For the past several weeks, Andrew Cunanan (Darren Criss) has taken center stage on The Assassination of Gianni Versace: American Crime Story. As the story increasingly became one about the ways in which internal and external homophobia affect and even ruin lives, it made sense for creator Ryan Murphy and writer Tom Rob Smith to zero in on the spree killer and his many victims. Aside from an appearance in episode five, the Versaces themselves have been absent from the story bearing their name.
Wednesday’s installment of the FX miniseries, however, brought both Gianni (Edgar Ramirez) and especially Donatella (Penelope Cruz) back to the fore. Yes, there was plenty of Andrew, as we saw him attempting to make ends meet as an escort, flirting with rich older men at an opera, and even meeting and charming his eventual second victim, David Madsen (Cody Fern). But much of this episode is spent watching Gianni become increasingly stricken by illness, and seeing Donatella step up to take charge of the House of Versace.
The siblings start the episode with a fight, as Donatella presents an idea for a new dress to Gianni: fashion as weaponry. Gianni grows angry with her, because she used other people’s sketches for her ideas instead of sketching on her own. He’s angry with his illness and takes it out on her.
Soon enough, though, they come back together to design a winner: a black dress made partially of leather straps. It’s BDSM-inspired, just kinky enough to raise eyebrows but still appropriate for a function where, at Gianni’s behest, Donatella is the one to wear it. The dress draws gasps and excited headlines, not just for Gianni, but for his sister as well. It’s a display of strength from the sister of the House, a show that she is a formidable and powerful woman.
This episode is called “Ascent,” and while that certainly could be applied to the social-climbing Andrew, I think it’s far more relevant for Donatella. So far this series, she’s been a supporting character, a shadow who appears briefly in every other installment or so. When she does, no matter how iconic she looks, she always feels like part of someone else’s story. “Ascent” is her narrative, her coming out.
That show of strength comes at just the right time, however, as Gianni unfortunately grows even sicker. Suddenly, Donatella must take up the reins of the company, a responsibility that clearly terrifies her. She’s a star we know this because we know her contemporarily, but it’s also absurdly obvious as she shows off her and Gianni’s dress. But she doesn’t quite know it yet.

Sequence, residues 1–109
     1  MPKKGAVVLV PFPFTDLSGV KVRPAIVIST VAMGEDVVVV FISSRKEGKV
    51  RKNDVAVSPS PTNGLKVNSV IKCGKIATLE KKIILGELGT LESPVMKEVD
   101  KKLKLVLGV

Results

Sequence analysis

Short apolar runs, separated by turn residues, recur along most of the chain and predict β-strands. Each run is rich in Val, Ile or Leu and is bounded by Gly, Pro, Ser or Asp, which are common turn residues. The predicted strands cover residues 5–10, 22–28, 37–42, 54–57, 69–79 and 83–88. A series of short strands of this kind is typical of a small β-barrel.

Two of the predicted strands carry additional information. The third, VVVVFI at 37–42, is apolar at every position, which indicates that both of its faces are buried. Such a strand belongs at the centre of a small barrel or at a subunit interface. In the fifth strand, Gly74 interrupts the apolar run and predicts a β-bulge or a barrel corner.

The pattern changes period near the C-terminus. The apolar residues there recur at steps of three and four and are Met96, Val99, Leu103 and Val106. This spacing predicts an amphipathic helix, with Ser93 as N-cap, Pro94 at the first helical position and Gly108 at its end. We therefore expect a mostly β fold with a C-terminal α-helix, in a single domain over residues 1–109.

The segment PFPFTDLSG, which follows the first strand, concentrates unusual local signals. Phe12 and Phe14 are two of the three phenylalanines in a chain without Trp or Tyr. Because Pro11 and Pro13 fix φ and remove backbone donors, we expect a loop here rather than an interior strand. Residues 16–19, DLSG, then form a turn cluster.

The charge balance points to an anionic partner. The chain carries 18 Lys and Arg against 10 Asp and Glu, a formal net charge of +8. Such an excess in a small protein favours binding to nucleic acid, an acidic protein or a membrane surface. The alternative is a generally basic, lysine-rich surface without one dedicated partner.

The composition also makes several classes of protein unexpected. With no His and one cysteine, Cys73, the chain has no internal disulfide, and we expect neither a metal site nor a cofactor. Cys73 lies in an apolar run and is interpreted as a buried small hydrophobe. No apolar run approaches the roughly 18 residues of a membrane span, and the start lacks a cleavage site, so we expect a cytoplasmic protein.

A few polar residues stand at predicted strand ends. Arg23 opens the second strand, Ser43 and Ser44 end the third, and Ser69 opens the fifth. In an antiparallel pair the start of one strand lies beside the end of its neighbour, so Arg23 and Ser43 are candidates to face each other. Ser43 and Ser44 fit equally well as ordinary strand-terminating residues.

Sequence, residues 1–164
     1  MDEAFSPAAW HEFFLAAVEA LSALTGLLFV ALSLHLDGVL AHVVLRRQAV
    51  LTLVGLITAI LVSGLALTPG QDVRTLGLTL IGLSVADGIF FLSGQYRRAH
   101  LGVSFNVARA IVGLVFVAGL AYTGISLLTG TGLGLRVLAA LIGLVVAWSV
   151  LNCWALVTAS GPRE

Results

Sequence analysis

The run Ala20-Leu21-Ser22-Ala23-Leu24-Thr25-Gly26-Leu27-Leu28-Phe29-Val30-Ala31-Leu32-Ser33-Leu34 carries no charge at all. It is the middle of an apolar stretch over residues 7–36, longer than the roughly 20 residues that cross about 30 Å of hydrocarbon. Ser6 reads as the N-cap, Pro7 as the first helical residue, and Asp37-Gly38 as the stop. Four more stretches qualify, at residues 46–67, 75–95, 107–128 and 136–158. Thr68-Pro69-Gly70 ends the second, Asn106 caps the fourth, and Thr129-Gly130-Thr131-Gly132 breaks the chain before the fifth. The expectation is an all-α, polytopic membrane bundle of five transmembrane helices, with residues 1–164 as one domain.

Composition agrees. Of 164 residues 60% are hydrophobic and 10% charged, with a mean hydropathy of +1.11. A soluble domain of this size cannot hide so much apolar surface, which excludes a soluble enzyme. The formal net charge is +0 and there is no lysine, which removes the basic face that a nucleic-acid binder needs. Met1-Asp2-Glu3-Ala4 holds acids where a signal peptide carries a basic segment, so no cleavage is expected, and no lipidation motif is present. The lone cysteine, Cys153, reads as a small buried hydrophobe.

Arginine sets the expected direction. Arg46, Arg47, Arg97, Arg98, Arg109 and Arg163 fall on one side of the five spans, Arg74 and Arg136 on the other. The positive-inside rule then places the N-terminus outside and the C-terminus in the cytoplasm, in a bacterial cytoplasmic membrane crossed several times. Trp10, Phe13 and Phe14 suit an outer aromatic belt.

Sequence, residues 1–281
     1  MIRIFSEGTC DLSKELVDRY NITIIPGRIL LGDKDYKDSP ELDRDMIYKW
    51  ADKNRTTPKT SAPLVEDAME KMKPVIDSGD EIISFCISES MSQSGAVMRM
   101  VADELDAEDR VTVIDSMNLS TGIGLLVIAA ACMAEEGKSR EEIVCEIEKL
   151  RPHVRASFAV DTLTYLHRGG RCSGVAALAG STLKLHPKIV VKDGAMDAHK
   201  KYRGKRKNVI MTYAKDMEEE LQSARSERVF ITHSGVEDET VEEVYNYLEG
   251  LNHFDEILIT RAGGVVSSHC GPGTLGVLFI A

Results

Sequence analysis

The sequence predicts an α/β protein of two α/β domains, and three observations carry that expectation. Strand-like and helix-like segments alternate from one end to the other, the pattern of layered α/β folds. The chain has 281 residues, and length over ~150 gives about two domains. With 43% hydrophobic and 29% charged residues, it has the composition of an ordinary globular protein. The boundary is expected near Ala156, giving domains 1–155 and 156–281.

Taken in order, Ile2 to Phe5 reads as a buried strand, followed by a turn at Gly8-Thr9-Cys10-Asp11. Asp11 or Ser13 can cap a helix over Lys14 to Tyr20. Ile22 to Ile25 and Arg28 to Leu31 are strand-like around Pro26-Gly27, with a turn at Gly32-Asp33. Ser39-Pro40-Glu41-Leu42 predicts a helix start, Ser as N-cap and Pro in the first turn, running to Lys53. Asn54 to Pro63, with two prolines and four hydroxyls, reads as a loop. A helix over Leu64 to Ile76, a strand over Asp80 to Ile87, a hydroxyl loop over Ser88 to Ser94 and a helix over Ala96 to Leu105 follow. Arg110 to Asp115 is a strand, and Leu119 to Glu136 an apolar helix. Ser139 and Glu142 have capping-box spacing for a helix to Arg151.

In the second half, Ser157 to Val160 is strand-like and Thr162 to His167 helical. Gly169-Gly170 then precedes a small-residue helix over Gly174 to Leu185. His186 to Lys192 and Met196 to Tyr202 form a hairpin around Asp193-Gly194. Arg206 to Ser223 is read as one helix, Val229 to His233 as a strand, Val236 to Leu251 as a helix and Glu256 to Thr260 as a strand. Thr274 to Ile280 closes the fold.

And so as she addresses the employees of the House of Versace at episode’s end, we see Donatella slowly becoming more comfortable with herself. She starts off hesitant: “So my brother is sick. You all know this. Gianni is suffering a rare form of ear cancer. He decided to go to Miami and rest. While he is recovering, I will be taking care of the day-to-day operations.”
She says the last part with a level of doubt in her ability to do so, much less that she’s actually going to do it. But then, when she shares her assurance that her brother will beat his illness, her own confidence grows. “My brother is stubborn; don’t forget that,” she says with a chuckle. “He’s stubborn about life. And he will beat this sickness. He loves every one of you. He loves his work. He loves this place. So I’ve no doubt my brother will be back. In the meantime, I am honored and humbled to take the reins of this company while he recovers.”
Donatella says those last lines through the start of her tears. Cruz’s performance is remarkable here, as she restrains the emotion and powers through it. There’s an old saying that watching someone on the verge of tears is always more powerful than watching them actually cry. Cruz proves why that’s so true by powering through them, then taking things back to business.
“Our last runway show was our most talked-about to date,” Donatella says, rallying not just the troops but herself. “We must be talked about, or we are nothing. And now that Gianni’s away, we have to be even more bold, not less. We have to show that we are strong, daring that we are relevant. And that this House will survive. No matter what, it will.”
It’s a hell of a scene, and encapsulates why Cruz’s performance is so damn indelible. We know what happens to Versace we know the House survives but if we were feeling any doubt, Donatella would assuage our fears. She’s a titan learning she’s a titan, with a phenomenal career ahead of her. In that final line, as she declares the House will live on, you can feel Donatella believe in her future, too.
The penultimate episode of The Assassination of Gianni Versace: American Crime Story will air Wednesday, March 14, at 10 p.m. on FX.